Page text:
Mira studied MSc Banking and International Finance to get in to M&A, and finally found her way to becoming a career, personal growth and wellbeing coach with her own coaching practice Rutter Coaching. We spoke about how it happened.
Tell me about your time at Cass!
I did my third year project of my undergraduate degree on mergers and acquisitions, and decided I really wanted to work in M&A in an investment bank. So coming to Cass to study a Masters in Banking and International Finance was a very strategic move to make that happen.
I had previously tried to get in to M&A without the Masters, but being an international student it was difficult to get a work visa and to get to interview when applying to a bank. I wanted practical skills and access to people who had hands-on business experience, and that made Cass the perfect place.
I had a very interesting time at Cass. There were lots of presentations to do, which was very different from my undergraduate degree, so I needed to develop my PowerPoint skills, and also to develop a way to work in groups – all that was an excellent preparation for the work environment. Traditional universities are not so strong at this.
I have to say that being based in London was also part of the appeal. To come to London and work in the City was my dream, so I experienced what that would be like. Although I was the baby of the class, it’s not like the others were mature students, so it was a fun environment. I was also lucky to live in halls so I made friends who were doing Masters at City too.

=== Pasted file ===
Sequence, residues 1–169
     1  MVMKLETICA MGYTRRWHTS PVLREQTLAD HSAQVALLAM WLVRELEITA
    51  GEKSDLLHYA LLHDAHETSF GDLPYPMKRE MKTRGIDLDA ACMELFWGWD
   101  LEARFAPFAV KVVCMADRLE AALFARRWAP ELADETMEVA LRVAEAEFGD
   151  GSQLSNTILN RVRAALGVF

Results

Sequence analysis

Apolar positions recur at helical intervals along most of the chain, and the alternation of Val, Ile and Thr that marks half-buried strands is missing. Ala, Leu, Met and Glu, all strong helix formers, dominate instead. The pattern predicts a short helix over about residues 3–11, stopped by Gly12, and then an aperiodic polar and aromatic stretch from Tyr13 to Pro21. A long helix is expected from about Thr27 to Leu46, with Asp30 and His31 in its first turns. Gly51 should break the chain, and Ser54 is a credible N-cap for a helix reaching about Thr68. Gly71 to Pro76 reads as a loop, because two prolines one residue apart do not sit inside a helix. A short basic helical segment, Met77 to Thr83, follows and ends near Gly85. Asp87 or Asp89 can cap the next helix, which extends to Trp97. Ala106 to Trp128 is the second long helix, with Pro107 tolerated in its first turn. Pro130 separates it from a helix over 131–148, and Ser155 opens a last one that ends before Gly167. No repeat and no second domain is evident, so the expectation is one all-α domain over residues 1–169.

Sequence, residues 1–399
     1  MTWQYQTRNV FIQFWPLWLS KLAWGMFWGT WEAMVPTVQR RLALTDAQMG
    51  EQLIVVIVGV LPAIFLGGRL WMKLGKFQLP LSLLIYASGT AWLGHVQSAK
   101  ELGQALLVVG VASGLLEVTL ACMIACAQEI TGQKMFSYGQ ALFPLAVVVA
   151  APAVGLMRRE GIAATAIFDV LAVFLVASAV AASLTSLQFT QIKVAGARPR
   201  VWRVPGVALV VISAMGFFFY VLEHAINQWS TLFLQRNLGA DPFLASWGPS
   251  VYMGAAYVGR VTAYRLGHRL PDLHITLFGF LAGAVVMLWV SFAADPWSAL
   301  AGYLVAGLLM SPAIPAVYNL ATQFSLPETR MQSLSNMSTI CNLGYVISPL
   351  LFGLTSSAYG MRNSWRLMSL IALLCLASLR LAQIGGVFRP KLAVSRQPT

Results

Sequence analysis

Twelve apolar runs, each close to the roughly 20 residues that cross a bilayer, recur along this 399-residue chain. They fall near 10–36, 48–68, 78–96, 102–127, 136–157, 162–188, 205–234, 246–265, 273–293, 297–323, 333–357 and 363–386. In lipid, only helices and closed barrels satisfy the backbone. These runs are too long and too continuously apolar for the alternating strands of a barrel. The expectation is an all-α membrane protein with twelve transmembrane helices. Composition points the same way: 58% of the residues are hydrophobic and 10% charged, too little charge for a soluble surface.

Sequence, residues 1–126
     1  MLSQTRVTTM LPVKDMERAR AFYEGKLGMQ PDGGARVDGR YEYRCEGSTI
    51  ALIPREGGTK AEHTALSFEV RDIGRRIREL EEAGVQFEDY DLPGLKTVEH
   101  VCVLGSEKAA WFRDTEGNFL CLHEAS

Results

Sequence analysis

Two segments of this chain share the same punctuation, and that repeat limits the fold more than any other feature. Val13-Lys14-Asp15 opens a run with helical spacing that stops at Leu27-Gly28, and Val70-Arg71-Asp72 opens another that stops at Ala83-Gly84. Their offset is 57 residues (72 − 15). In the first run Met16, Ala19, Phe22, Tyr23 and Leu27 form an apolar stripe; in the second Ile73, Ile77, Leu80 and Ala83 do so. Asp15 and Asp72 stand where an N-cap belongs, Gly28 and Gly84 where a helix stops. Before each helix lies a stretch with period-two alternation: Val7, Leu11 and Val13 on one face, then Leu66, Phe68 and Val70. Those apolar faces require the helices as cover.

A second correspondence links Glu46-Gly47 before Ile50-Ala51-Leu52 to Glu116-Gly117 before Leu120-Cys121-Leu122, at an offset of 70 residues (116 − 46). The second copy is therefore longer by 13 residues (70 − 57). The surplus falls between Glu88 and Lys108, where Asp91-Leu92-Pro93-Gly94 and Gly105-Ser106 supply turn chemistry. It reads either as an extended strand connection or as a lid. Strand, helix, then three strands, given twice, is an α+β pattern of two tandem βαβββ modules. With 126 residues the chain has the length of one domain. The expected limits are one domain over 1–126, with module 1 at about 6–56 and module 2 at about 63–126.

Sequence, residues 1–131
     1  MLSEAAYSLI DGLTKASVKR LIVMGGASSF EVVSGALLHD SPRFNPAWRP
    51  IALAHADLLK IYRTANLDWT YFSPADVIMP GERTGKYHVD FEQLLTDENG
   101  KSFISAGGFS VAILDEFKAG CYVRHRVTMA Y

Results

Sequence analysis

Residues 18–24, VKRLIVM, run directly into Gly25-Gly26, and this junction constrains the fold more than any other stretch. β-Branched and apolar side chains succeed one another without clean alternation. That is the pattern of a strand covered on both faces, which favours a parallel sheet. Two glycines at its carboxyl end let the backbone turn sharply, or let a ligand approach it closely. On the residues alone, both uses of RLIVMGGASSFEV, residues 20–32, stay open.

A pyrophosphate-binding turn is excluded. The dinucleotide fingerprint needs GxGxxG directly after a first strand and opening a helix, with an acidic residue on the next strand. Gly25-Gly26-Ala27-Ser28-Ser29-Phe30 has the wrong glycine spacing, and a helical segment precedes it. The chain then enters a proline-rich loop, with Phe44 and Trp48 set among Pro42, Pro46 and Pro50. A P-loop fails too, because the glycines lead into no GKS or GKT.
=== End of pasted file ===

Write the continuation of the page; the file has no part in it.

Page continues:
What professional development did you do at Cass?
My plan had always been to do my dissertation with a bank and show them what I could do and how I could help them. One of the other great things about Cass was the careers events. I went to quite a few and at one of them, an emerging markets trader gave me the contact details of the Head of Emerging Markets Strategy at WestLB and said that I should think of using my advantage not in M&A, but in emerging markets instead.
So I contacted him and said I would do anything – I would work for free if necessary. I did that, I worked for the Emerging Markets Team under a manager who had just arrived from JP Morgan. He was very happy to put me in contact with JP Morgan for additional data for my dissertation, plus he also knew of the value of interns at JP Morgan so he spoke to HR about me interning at WestLB.